The other thing that set my opinion on Blade Runner in stone was arguing about it. I spent all of college arguing about it, with one person over and over, and with other guest debate partners from time to time. By the end of college, my opinion had transformed from “Blade Runner just doesn’t do it for me,” to “Blade Runner is the most overrated movie of all time.” I met a girl who agreed with me. We’re married, now.

I have argued with many people in many different situations about how overrated Blade Runner is. Whenever I enter into a new social group or a new person enters mine, I get a giddy little thrill when Blade Runner first comes up. It is my chance to show that I disagree with things that are more or less the consensus in the SF fandom community. There are not a lot of works that are universally loved. There are only a few people who hate Star Wars, and only a few people who hate Blade Runner. This is less true now than it used to be, with the internet having elevated disagreeing with popular things to an art form on part with the musical styling of the late John Denver.

If that joke didn’t work for you, allow me to explain that John Denver was last generation’s Nickelback. If it didn’t work for you because you just didn’t think it was funny, then I am going to assume it is because you are incensed by inflammatory opinion of Blade Runner. I would advise you to stop reading now. Things are about to get




Eventually, hating Blade Runner became part of my identity. This is a thing that can happen, and it can be liberating or it can be dangerous. On one level, it is great to have personality elements to hang on to, and that your friends all know about. I have…a lot of those, I suppose. On the other hand, it is important not to be enslaved to your own identity. That is a complicated issue, and past the scope of this article. This article is about dissing Blade Runner.

Until it isn’t. The terrible thing about all of this, the thing that really kills me, is that I know that I am wrong. Of course I am wrong. There is no way I could possibly not be wrong. It is, in a very specific way, a definitional impossibility.

When I say that Blade Runner is overrated, what do I mean by that? It is a statement about two things that are related but not identical: quality and value. The quality has to do with the technical aspects. How well was it filmed? How well constructed were the sets, and how well implemented were the special effects? Were there any major plot holes? Were the characters consistent, and well portrayed by the actors? The value, on the other hand, involves the emergent elements. How awesome were the action scenes? How intriguing were the ideas? How emotionally stirring were the character relationships?

It is, of course, impossible to pull quality and value completely apart from each other. They are to some extent interdependent. Badly acted movies with huge plot holes rarely deliver powerful emotional experiences. That being said, quality and value are still different. It is highly possible to have a technically well done movie that just is not very interesting. Or a movie with huge technical problems that nonetheless is fantastic and moving and well loved.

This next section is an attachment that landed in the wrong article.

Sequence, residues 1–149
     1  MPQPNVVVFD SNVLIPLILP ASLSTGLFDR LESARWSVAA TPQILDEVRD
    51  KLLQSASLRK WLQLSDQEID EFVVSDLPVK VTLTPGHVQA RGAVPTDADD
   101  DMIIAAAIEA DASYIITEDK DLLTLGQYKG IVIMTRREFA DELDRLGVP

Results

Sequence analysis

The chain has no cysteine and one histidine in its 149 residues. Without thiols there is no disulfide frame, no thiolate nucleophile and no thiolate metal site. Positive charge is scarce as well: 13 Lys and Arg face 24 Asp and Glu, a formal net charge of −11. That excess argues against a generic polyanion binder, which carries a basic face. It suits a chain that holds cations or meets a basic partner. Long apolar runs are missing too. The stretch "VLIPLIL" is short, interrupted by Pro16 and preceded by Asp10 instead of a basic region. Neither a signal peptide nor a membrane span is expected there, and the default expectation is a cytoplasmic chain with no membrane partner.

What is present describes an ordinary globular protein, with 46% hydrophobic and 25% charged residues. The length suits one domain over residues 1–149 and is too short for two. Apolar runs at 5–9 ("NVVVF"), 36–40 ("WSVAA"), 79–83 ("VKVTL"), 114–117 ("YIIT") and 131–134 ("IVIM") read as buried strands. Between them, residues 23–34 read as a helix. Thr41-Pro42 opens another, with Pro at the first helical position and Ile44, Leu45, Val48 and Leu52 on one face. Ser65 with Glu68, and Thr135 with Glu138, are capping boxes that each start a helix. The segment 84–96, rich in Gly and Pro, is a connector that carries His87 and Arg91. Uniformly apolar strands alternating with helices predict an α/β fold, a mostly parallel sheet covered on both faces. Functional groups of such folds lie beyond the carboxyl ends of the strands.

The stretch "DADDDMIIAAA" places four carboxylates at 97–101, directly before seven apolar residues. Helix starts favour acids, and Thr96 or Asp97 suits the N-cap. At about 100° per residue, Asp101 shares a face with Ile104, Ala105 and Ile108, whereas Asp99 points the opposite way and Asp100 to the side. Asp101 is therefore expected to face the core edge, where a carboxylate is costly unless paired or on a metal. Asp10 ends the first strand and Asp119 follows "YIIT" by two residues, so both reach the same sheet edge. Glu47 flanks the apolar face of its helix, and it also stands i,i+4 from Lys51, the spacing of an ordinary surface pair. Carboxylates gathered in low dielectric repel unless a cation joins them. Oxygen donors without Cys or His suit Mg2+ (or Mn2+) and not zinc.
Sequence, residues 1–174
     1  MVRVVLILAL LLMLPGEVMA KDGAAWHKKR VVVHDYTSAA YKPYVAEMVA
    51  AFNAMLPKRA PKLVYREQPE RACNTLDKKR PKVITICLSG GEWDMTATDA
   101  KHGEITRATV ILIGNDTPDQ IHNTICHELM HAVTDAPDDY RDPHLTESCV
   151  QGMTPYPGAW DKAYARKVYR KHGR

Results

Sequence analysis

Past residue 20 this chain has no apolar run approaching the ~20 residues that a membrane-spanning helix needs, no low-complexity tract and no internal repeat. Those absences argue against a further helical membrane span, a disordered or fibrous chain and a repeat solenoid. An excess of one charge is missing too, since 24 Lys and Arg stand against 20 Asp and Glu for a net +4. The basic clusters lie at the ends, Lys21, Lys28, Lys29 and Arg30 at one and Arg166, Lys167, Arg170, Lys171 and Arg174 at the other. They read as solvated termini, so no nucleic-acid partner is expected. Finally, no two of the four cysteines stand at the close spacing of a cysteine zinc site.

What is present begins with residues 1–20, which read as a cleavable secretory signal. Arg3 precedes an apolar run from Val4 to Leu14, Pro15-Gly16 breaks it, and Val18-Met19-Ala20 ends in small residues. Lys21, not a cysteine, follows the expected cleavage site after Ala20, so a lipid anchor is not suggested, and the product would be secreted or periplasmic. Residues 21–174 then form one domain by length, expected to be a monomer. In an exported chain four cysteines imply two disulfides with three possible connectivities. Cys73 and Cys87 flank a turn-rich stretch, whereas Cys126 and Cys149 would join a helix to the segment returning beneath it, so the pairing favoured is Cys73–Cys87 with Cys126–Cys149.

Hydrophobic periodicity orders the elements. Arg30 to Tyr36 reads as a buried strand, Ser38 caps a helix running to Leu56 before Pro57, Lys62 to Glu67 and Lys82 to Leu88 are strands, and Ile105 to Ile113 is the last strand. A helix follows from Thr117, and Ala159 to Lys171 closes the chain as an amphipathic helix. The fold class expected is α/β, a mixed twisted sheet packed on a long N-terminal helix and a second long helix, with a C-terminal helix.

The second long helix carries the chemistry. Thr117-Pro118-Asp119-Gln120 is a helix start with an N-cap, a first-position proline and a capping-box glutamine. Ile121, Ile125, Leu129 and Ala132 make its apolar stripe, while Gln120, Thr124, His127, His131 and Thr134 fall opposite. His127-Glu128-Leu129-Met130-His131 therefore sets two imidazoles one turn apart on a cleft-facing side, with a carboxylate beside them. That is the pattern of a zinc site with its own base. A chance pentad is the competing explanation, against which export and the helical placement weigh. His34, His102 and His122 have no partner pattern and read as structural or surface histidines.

More to the point, it is much easier to critique quality than it is to critique value. You might make the legitimate point that Avengers had some messy plot elements, some leaps of logic, and some continuity errors. However, if you say that it wasn’t awesome, then you are no longer giving a critique, but rather an opinion. Avengers is widely regarded as having been awesome. If it did not work for you, then it is because it didn’t work for you, not because it didn’t deliver. There are myriad reasons why it may not have worked for you. Maybe you were predisposed not to like it. Maybe the combination of elements is one that hits home for a lot of people but not for you. Maybe you only like things that are dark and gritty, and this was too silly. It doesn’t matter. The fact is that when most people think something is awesome, then it is. That is the only meaningful metric for awesomeness that we have. Since it is subjective, then quantity of subjects is the deciding factor.

When you say a movie is overrated, what you are really saying is that either the quality, or the value, or more likely both, are more highly regarded by a wide spectrum of the audience than they should be. For a movie that is overwhelmingly loved and highly regarded, and Blade Runner falls squarely in that category, it is a tricky thing to say.

You might have a legitimate case that any given film is overrated with regards to quality. If a lot of industry insiders and professional critics disagree with you, you had better have the technical knowledge to back it up. If you think that Lawrence of Arabia is overrated with regards to cinematography and editing, you are battling against the weight of so many professionals who believe it is one of the best shot and cut movies ever. If you think the screenplay for Casablanca is overrated in terms of characterization and narrative, you better have serious credentials. Otherwise you are just some guy who thinks your opinion is more valid than people with vastly more knowledge and experience than him just because your opinion comes out of your mouth. In other words, you are probably wrong.

It is much harder to have a legitimate case that the value of a movie is overrated. Value is just about how “good” something is, and that is determined solely by the reactions and opinions of those who experience it.